Monday, September 19, 2011

Another Chequamegon in the Books

"The Pilgrimage to Chequamegon"

The 2011 Chequamegon 40 is now in the history books and we've all come away from the experience with some damn good stories. So, what is it about the Chequamegon experience that makes it like a pilgrimage to Mecca for many of us mountain bikers here in Minnesota, Wisconsin, and the surrounding area? For many it's the challenge of conquering the course and setting a PR. Then for others it is the camaraderie they feel from participating in the event and the friendships and stories that develop throughout the weekend. Then there is the fact that we all share a common thing...The love of bikes and the passion to ride them. One could even say that we relish in the punishment and suffering we go through to get there and also the punishment we receive from the terrain itself. Finally, there is the atmosphere that surrounds the event. It's all really quite amazing and I'm hoping that nothing about this event changes as a result of a corporate take over. To me, this would be really sad.

For many of us race day begins in the predawn hours of Saturday. Getting up at 4 a.m. so you can venture to the starting area to ensure you get a good spot close to the front. We arrived at 5:45 a.m. to find a hundred plus bikes already set up in the corral as they call it. After placing the bikes, it's back to the base camp for a good pre-race breakfast, coffee, stretching, meditating, preparing camelbaks, nutrition, drop bags, etc.

At about 8 a.m. it's back to the start to find a parking spot close by. Then you immediately go to the start area to check your bike and make sure some ass didn't move it to a different spot. Some folks actually forget where in the hell they put their bike in the first place and it ends up getting pulled from the area 15 minutes before the start. Others are doing pre-race rides, or warming up on trainers. These are the fast people, the ones who take it very seriously. Yet, most of us talk, joke, seek out people we know or stumble into people that you haven't seen since college. Like myself and my college track and cross country teammate Paul. Either way, it's all pretty damn cool.

Try to imagine 1,899 bikes and riders crammed in together 30 minutes before the start of the race. It really is a site to behold. The last 15 minutes before the race begins you can really feel the excitement build. People are nervously laughing and joking while others are quiet and lost in thought. Thinking about the journey that lays in wait. Then with a few minutes to go before the gun goes off we are treated to Hayward's very own "Mudcat" Grant singing his beautiful rendition of the National Anthem which always receives a roar from the racers and spectators. After that it's some quick nervous handshakes, thumbs ups, good lucks, fists in the air before the gun goes off. Then the entire army of 1,899 riders makes their way down the narrow mainstreet of Hayward, WI with thousands of people cheering and rattling cowbells. It's amazing and very nerve racking at the same time. I watched a video and it took over 5 minutes for the last people to cross the starting line.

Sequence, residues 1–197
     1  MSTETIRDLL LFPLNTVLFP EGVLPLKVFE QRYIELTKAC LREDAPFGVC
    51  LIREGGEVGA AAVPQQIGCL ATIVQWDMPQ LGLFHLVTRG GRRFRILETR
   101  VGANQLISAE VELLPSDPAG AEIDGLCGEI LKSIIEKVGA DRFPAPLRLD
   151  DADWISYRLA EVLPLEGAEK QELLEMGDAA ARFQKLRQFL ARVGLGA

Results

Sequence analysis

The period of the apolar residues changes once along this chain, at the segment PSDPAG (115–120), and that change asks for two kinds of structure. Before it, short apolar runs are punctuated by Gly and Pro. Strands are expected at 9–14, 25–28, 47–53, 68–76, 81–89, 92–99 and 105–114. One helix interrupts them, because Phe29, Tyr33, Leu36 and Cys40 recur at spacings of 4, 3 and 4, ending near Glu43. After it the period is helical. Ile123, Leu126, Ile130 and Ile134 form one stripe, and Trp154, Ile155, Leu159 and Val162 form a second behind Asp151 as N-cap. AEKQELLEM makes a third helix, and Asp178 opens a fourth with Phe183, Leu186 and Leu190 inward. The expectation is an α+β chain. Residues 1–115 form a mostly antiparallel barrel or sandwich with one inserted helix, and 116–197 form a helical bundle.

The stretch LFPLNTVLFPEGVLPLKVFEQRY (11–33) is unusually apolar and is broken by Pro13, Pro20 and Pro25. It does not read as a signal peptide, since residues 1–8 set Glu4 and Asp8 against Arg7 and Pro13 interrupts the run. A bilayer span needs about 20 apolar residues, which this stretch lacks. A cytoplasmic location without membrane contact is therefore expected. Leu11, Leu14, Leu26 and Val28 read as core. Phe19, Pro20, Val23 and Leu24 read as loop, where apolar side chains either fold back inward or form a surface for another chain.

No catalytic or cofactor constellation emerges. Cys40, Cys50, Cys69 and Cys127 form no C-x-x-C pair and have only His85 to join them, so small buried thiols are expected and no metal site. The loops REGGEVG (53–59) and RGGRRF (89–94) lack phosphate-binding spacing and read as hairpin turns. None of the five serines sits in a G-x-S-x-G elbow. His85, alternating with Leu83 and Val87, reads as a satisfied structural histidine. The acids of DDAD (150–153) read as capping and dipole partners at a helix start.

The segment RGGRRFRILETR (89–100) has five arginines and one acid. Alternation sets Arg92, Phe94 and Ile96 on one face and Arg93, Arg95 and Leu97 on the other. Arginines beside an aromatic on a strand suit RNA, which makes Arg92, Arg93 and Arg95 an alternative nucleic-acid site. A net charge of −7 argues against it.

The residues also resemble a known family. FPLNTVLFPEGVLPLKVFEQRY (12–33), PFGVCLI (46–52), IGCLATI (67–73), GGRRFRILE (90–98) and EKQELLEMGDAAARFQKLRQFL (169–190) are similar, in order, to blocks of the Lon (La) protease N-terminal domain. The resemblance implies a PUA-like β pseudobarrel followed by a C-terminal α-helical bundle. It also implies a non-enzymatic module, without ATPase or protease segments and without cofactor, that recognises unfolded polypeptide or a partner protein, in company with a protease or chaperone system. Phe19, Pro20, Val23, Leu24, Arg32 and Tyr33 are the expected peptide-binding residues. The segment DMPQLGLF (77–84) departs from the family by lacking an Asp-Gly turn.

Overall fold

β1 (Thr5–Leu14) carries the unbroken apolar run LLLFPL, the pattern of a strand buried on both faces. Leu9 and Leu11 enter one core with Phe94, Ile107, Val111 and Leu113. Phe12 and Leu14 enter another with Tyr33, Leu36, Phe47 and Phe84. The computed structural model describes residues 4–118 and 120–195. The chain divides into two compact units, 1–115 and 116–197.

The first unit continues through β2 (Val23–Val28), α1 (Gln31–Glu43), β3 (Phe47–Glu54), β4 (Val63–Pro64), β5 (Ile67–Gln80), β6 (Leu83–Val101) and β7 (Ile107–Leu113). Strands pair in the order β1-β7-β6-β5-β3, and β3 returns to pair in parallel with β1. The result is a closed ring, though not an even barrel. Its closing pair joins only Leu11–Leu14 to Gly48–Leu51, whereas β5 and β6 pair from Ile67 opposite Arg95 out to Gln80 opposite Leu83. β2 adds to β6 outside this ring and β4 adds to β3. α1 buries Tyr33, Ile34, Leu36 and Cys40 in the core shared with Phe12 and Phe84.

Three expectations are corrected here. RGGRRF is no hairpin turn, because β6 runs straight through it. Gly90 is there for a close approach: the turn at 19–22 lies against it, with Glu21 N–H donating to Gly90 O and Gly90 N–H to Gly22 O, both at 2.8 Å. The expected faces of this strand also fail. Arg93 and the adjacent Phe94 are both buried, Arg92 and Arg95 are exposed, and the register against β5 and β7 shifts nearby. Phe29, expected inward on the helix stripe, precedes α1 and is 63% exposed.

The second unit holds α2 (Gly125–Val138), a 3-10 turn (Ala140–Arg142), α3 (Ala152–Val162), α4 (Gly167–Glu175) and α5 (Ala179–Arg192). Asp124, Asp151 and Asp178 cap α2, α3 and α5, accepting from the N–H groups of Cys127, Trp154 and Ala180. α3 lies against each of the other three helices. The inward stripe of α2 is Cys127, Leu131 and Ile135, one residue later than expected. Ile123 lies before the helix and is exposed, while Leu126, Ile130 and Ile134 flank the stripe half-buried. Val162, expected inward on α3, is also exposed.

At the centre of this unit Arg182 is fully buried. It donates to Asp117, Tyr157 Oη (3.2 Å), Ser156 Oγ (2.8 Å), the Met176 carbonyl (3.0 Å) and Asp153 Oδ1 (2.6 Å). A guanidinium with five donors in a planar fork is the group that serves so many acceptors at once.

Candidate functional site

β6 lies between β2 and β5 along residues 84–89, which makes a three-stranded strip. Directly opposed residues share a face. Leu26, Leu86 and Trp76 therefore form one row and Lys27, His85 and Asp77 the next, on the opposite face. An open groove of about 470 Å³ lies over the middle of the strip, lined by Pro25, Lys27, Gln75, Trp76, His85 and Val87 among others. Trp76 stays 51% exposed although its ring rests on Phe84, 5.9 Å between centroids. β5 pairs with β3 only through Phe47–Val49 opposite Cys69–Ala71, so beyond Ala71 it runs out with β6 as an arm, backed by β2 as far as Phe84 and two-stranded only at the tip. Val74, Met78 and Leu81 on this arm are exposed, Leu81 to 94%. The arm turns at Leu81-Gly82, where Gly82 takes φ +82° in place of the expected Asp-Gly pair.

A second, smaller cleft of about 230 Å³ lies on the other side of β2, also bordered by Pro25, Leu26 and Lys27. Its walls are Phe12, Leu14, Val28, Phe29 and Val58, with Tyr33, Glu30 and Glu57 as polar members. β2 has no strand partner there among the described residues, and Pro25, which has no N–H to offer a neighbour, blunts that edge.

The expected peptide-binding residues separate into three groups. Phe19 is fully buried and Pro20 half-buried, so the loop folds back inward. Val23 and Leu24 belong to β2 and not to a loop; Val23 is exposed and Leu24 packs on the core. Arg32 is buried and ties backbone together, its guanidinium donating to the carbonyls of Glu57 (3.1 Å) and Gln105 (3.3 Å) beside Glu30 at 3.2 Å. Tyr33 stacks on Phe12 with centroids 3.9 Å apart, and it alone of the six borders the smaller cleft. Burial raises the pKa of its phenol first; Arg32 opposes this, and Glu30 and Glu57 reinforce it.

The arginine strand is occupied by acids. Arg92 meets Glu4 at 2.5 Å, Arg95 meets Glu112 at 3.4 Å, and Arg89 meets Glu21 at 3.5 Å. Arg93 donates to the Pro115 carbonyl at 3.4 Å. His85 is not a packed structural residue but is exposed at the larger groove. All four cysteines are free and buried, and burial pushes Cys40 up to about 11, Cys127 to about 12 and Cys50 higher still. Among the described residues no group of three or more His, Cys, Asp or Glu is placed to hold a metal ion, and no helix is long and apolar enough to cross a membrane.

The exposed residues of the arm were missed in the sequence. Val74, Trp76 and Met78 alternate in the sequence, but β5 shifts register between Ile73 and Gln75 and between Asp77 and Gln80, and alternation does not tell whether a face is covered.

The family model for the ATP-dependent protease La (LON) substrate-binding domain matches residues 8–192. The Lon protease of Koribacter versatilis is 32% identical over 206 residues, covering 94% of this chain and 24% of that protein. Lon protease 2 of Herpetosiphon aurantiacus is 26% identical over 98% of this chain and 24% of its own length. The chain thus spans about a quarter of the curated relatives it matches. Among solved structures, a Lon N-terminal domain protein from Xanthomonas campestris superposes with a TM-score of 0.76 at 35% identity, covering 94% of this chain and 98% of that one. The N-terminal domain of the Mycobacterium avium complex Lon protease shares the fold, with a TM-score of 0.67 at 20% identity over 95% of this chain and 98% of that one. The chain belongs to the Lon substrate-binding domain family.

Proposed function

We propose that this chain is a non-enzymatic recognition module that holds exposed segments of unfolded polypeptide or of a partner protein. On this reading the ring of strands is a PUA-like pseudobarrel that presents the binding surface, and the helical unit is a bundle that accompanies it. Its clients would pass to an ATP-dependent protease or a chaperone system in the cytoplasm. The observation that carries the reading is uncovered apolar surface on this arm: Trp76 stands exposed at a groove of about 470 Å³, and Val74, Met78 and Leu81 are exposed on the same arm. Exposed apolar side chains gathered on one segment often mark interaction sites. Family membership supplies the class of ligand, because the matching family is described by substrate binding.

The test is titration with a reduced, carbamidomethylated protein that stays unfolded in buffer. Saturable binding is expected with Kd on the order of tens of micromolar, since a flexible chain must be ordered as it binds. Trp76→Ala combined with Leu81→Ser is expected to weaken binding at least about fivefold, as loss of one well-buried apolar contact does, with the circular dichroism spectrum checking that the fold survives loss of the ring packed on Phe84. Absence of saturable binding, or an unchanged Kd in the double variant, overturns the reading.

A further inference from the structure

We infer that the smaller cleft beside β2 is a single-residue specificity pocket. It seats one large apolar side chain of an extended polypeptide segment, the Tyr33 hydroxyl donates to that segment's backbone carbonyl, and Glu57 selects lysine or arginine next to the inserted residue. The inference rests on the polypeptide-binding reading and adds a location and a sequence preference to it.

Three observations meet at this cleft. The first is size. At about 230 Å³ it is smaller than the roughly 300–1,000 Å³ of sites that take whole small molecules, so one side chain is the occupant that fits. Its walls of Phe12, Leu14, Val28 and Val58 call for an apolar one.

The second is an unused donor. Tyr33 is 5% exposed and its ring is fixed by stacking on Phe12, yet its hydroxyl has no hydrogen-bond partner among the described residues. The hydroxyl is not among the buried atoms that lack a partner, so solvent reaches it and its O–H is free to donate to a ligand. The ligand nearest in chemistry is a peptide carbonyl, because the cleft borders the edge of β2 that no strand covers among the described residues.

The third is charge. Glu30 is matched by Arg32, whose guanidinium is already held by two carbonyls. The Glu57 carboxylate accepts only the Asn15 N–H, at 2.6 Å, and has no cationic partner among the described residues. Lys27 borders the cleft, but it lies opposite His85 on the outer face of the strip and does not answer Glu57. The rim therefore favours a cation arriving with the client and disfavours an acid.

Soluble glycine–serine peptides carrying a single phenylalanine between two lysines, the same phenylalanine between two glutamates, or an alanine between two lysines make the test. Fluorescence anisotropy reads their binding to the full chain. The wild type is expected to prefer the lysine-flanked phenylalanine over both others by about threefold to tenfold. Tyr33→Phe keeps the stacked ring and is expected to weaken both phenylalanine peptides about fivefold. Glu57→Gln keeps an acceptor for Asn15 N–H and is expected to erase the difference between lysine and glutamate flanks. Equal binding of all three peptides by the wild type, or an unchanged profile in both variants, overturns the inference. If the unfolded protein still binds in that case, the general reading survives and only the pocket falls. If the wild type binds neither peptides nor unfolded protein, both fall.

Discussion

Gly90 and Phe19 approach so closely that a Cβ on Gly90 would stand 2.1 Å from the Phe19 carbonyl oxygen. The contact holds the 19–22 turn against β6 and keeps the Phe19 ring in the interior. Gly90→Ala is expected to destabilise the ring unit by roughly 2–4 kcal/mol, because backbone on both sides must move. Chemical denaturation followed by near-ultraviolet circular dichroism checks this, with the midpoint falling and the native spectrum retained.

Your head really needs to be on swivel during the first mile or you will go down. At the end of mainstreet is the sharp left leading to Hwy 77, then a sharp right and the pace really picks up. Three miles from the start in town you take another sharp left, dive down into a ditch and up a hill into magical Rosie's Field. This is where the race truly begins. From there it is northeast to the finish and cold beer at Telemark Resort. The photos of racers crossing Rosie's are always amazing.

Along the way you ride the Birkie Trail which is notorious for its hills. After the Birkie you turn onto a snowmobile trail and then onto Phipps Fire Lane, a nice stretch of fast northern Wisconsin gravel. Once again you hit the Birkie and more hills all the way to the crossing of "00" and the 16 mile mark. This is where you get a sense of how your race will turn out. From there you climb up Janet road to another fire road and Pirate Hill, where if you so choose, you can nab a shot of rum from these fun buccaneers dressed in black. If you're lucky they will also fire their canon off as you go by. By the way...the rum was good:) Your ride continues uphill on Boedecker Road and winds its way through the forest to the notoriously difficult Fire Tower Hill and the final 8 miles of the race. Here is where most people's suffering really begins and this section either makes your race or breaks you. For many riders this is where their nightmare begins...Cramps!!! Here the Birkie Trail dishes out its final punishment with relentless hills. Each one steeper and longer than the last. This were riders have to "dig deep into their suitcase of courage". Yes, I stole that from Phil Liggett. Last year I was nearly driven to tears on this section, constantly having to get off the bike and push. I've never felt so demoralized in an event. When you hit the five miles to go sign a wave of relief comes over you because here you know that there are only a few more climbs left. When you come to a crowd cheering you on and telling you this is the last climb, DO NOT believe them. They are lying...there is one more after that. You come out of the woods and begin the fast downhill descent to the finish, the cheering crowds, waiting comrades, and whatever awaits you in the cooler.